Plot: Bart (J. Michael Finley) always had an interest in music, as he connected deeply with the songs he listened to on his Walkman. In truth, he took refuge in the music to hide from his real life problems and an Amy Grant tape proved to be just the salve he needed to make it through. At home, he faced a volatile father in Arthur (Dennis Quaid) and once his mother left, it was just the two of them and instead of getting closer, things became even more tense. In high school, Bart played football to try to win his dad’s love, but that ended when a brutal injury sank his career on the field. In need of a new elective class, Bart joined glee club out of lack of options and while he resisted at first, he soon found he had a voice for music. But instead of being proud of his son, Arthur railed on Bart and told him to forget about singing, focus on the real world instead. Bart was driven to be involved with music however, but could he find his place in a business that is almost impossible to succeed in?
Entertainment Value: This one is based on the real life events that inspired the song I Can Only Imagine and while a movie about a song seems thin, the story behind the song is more than enough narrative for a feature film. The movie is rooted in Bart’s faith, so there is a strong Christian theme, but there are also universal elements that could appeal to a wider audience. The core of the movie is Bart’s relationship with his father, which is a dark, but hopeful narrative and it is well handled here. I appreciated that the movie shows the flaws of Bart as well, in specific the post-concert scene with the music execs and the initial reunion with Arthur. These scenes show that even those with faith aren’t without flaws, which sets up the redemption elements well. Of course, the faith driven aspects are heavy handed here, but unlike combative films like God’s Not Dead, the vibe here is one of hope and forgiveness. Even so, the religious elements are central to the movie and I know some have no interest in that. The movie overall is predictable and has similar traits to other underdog/redemption narratives, but I Can Only Imagine still works well, especially for those interested in the faith aspects.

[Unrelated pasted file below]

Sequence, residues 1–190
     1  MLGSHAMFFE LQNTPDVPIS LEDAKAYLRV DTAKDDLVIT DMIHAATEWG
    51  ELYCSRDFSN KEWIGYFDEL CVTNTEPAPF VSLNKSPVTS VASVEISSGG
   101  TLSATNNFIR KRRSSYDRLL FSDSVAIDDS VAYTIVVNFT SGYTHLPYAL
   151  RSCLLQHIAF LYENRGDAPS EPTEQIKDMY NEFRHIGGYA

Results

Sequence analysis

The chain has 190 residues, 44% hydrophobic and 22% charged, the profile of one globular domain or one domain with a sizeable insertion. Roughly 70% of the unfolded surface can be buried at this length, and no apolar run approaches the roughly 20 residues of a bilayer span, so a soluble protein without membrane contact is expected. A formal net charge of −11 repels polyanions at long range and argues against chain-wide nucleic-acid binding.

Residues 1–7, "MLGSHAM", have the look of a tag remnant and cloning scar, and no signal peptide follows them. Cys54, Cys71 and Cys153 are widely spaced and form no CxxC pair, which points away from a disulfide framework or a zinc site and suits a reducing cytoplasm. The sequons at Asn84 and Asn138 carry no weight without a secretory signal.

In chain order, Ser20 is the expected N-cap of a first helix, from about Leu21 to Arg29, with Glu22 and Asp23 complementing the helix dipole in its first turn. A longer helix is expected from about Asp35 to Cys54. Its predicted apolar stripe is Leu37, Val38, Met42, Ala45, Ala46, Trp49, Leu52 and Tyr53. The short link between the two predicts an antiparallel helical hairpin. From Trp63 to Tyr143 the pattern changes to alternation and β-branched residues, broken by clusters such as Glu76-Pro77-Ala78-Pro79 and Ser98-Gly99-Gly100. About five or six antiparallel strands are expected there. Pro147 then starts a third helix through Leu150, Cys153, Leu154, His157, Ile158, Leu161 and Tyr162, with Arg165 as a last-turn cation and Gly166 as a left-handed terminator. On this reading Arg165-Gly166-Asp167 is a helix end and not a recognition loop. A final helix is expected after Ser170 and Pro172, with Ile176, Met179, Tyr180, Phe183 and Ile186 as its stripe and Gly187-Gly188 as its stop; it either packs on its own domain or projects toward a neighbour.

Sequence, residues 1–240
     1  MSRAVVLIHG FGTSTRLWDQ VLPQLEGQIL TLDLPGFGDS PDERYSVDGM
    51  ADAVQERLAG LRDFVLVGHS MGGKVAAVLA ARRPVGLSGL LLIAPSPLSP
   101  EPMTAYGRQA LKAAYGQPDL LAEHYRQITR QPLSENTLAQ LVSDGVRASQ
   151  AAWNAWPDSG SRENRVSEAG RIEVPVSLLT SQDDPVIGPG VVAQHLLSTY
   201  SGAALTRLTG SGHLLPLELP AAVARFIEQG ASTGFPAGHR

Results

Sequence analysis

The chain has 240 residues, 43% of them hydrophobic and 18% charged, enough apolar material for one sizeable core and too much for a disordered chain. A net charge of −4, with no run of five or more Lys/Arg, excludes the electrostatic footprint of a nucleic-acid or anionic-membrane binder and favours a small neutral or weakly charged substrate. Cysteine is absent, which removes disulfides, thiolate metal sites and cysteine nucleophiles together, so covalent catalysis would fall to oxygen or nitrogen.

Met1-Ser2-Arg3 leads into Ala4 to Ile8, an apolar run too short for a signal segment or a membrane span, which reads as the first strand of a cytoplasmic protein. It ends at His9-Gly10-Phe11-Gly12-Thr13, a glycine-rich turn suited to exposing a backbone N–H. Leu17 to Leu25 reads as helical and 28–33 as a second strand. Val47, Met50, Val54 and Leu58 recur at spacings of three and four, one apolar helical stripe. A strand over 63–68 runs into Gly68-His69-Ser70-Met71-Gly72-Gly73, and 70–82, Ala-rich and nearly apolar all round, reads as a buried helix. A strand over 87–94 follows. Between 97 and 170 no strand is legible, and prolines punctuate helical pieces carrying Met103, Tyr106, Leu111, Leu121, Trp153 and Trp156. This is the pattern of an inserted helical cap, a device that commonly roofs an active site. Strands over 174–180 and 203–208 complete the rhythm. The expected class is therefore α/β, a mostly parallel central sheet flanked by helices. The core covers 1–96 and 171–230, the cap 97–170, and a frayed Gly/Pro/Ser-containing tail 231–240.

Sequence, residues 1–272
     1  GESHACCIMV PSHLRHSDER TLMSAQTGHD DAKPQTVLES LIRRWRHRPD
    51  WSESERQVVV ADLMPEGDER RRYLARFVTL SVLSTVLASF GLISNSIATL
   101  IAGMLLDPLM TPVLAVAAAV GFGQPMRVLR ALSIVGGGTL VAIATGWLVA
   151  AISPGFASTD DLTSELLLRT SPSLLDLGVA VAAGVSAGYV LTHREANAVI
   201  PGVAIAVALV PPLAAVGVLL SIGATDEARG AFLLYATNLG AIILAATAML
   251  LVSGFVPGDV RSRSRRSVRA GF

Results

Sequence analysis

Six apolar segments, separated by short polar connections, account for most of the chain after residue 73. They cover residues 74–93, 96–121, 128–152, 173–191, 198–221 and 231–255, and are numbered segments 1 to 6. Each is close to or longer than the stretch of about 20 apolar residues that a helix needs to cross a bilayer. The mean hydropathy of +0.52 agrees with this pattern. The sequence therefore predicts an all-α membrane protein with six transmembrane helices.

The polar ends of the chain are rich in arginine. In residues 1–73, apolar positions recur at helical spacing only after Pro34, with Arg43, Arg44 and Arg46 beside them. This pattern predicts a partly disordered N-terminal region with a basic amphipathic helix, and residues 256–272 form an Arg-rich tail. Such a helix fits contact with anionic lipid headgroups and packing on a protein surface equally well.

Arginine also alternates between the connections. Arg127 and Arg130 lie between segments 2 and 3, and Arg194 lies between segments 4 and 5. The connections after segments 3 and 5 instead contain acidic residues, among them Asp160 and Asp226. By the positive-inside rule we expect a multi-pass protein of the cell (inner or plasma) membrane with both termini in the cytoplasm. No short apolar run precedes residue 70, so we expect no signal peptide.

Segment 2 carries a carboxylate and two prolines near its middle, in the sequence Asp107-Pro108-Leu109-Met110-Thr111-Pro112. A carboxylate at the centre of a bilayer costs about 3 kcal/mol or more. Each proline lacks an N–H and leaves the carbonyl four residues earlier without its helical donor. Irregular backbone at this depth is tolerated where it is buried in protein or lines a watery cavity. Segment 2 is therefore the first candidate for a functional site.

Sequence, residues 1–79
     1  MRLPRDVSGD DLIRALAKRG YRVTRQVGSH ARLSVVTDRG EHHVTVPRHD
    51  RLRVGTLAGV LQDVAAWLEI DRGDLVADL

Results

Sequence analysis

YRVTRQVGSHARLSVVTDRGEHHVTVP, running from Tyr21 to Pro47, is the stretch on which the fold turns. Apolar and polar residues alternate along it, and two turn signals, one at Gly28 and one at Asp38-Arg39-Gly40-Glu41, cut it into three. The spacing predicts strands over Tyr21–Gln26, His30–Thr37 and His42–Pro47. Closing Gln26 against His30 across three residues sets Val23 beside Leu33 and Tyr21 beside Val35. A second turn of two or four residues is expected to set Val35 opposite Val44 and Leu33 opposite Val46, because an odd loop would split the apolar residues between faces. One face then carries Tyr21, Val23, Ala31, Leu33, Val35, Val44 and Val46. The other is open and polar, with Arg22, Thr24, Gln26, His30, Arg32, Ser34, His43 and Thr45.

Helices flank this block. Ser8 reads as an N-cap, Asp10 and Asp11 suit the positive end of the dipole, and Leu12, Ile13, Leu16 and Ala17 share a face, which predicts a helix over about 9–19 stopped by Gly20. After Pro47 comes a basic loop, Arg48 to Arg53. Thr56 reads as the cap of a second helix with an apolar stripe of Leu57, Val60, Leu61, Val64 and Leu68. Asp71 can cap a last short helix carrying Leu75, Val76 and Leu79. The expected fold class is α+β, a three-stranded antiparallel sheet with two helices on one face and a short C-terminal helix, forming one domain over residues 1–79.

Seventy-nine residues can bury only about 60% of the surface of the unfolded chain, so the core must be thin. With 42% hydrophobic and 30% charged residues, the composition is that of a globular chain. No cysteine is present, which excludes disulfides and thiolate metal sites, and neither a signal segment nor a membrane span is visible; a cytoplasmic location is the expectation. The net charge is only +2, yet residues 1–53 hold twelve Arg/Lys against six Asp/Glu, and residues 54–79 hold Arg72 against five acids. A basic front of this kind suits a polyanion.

The cast here is mostly middle of the road, so the performances are adequate, but not all that memorable. J. Michael Finley has the lead and looks a lot like Patton Oswalt, which adds some humor if you think of Oswalt in this kind of role. Finley is about as basic as it gets, with little presence to speak of, but the role makes minimal demands. He seems to trudge through, but doesn’t make the most of the little comic moments and misses the depth of the emotional beats. This sounds like a harsh appraisal, but as the script is also rather basic, his performance is fine. Dennis Quaid seems to be the lone performer who showed up to leave an impression, with an over the top, but effective turn as Bart’s abusive father. His effort is likely the part of I Can Only Imagine that most viewers will remember, as it is a powerful turn. The rest of the cast is passable, with a decent effort from Madeline Carroll, while Trace Adkins just plays himself, even though he isn’t playing himself. This one is of most interest to fans of faith based cinema, but anyone who appreciates an inspirational underdog narrative or a redemption arc should find this watchable.